“You have a herculean task of taking off where we stopped moving in the direction of creating intermodal means of sustainable transportation in this country. The developments of ports that I met have continued coming into fruition. You can’t imagine the leap of joy I had in my heart when I saw cargoes arriving Onitsha port. It means that we are going back to critical recreation of the infrastructure that gave Nigeria its prominence.
“By the time I came to NIWA, Onitsha port has already been rehabilitated and ready for use. But, we used it as a warehouse. We initiated the processes of the Onitsha port to be concession to the point of inviting bids. Ensure that it is completed expeditiously so that we will have a flagship we can show to the world that we have inland water port managed efficiently and effectively for the purposes of movement of goods and cargoes.
“You can count on my total support when it comes to the issues of development of inland waterways and by extension, establishing the footprint of the national inland waterways as a central organisation to drive the quest for intermodal transport system,” he charged.
Speaking further, he said: “The other port we have finished and commissioned is Baro Port. Regardless of whatever anybody says, the British were strategic in the building of Baro port. Lord Lugard didn’t make mistake because it was used for the movement of produce largely produced in the central belt or middle belt area. They involve cotton, groundnut pyramid taken from Kano.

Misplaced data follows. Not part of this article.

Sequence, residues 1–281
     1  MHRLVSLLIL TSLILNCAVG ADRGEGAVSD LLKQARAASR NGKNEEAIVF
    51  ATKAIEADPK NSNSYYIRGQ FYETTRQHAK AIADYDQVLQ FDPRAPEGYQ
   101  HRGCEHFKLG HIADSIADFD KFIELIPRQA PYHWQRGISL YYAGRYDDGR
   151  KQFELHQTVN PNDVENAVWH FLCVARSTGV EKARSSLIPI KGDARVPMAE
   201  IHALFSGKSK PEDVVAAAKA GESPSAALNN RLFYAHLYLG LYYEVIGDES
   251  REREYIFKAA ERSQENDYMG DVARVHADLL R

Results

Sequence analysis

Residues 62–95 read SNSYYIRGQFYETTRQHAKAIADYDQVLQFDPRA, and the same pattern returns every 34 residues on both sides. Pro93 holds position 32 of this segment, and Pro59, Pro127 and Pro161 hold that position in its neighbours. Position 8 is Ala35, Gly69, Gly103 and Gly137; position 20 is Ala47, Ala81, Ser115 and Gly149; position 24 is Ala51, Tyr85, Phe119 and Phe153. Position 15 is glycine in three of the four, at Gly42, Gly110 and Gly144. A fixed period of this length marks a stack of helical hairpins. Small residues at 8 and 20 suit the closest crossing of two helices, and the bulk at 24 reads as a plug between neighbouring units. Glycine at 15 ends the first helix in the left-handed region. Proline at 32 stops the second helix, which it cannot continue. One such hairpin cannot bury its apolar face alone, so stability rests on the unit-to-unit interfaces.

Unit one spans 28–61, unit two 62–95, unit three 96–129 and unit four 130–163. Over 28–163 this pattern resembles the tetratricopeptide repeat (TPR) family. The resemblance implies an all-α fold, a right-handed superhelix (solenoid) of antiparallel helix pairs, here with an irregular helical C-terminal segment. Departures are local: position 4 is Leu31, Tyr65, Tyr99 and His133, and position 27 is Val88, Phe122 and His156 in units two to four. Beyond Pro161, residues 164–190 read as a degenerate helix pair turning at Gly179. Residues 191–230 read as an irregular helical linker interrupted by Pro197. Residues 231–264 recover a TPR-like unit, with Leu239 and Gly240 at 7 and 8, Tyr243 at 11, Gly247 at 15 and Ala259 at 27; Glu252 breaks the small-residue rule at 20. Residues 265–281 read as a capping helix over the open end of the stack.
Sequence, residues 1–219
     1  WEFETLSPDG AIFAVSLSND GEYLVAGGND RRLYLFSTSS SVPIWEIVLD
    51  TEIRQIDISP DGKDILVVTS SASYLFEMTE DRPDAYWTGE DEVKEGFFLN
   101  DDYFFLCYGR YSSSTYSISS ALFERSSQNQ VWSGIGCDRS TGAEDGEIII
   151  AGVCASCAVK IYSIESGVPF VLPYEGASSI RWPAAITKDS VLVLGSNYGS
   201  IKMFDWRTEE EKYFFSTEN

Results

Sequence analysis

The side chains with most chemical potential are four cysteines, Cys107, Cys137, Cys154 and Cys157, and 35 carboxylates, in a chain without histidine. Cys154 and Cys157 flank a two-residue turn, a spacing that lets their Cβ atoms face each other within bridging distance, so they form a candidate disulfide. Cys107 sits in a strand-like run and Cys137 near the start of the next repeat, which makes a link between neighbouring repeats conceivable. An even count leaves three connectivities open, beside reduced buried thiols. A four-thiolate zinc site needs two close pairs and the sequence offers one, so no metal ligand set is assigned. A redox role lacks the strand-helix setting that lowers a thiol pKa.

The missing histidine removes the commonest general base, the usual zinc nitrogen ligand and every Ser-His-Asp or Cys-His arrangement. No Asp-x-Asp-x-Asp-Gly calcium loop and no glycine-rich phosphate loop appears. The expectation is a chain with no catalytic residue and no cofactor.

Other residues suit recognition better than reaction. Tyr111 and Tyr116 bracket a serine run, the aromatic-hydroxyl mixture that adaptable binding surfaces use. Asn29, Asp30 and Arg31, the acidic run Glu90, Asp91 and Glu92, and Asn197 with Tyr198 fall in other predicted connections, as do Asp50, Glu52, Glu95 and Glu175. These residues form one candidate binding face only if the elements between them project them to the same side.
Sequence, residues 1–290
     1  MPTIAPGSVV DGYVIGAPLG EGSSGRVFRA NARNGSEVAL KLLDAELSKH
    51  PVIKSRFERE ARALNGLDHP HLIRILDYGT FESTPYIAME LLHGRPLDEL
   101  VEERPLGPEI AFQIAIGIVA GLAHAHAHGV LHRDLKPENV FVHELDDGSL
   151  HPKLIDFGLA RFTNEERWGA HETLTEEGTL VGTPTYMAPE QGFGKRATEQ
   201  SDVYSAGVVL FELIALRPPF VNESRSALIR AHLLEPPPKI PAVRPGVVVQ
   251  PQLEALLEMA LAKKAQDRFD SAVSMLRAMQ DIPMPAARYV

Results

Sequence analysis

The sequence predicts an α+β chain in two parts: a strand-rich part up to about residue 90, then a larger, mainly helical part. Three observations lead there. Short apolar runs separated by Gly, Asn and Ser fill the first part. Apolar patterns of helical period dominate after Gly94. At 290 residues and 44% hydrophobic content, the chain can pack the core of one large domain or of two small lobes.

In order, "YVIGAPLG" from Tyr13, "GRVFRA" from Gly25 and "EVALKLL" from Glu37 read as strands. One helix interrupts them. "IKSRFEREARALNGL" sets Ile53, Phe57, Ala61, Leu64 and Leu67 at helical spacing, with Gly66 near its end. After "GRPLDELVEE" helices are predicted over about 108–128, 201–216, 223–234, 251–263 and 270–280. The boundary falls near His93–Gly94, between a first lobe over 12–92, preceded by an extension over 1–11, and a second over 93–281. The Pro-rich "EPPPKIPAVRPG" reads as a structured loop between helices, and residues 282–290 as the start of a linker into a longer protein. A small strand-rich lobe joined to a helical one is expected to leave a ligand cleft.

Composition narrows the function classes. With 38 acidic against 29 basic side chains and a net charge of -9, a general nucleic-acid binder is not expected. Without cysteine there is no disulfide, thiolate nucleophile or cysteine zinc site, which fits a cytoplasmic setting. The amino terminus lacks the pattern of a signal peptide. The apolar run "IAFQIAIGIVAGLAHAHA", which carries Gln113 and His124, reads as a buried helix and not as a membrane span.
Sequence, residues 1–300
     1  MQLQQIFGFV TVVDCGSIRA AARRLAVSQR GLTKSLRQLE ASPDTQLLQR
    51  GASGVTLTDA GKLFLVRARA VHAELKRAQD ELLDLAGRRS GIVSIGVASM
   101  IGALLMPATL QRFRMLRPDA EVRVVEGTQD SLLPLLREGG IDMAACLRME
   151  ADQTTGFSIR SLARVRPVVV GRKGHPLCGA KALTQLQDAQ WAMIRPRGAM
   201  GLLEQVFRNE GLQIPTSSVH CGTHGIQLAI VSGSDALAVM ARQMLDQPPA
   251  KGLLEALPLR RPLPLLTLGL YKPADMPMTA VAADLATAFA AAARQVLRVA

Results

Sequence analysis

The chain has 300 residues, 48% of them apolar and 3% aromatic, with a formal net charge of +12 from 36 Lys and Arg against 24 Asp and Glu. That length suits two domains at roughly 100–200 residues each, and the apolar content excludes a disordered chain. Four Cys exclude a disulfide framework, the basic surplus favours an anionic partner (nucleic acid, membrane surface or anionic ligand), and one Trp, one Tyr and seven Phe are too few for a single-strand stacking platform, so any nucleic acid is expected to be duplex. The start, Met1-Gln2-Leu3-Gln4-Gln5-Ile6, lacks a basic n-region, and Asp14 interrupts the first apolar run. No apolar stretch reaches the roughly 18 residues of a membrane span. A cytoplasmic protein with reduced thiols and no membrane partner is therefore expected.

“When they want to start railway, the Baro rail track is over 100 years. We have then Lagos and Ibadan. It was the fusion of the two railways that became Nigeria Railway Corporation. We can see the interconnectivity of the mode of transport that the British laid out, which subsequent government didn’t pay attention to.
“I believe that under the leadership of President Buhari, we have demonstrated by the completion of the Baro Port and augmentation of the completion of the Lokoja Port and by the time Onitsha Port becomes operational and the rail track proposed from Ajeokuta to Baro will link up with all the rail tracks and by the time we are able to do that, it will go a long way in enhancing the movement of bulk cargo that ought not to be on our highways, it will make transportation cheaper and saver for our people.
“I took time to explain all these to inform you of the herculean responsibility you have. Plan very well but you need to push because as I said, national inland waterways have not enjoyed the prominence it ought to enjoy.
“We left behind the issues of procurement of batches to ensure that we won’t only provide the leadership but demonstrate the capacity of the fact that this thing is doable, knowing Nigerians that nobody will invest his money if government did not demonstrate to give leadership in that particular trade and organisation,” the SGF noted.
Earlier, Moghalu had thanked him for supports, urging him not to turn his back on the agency.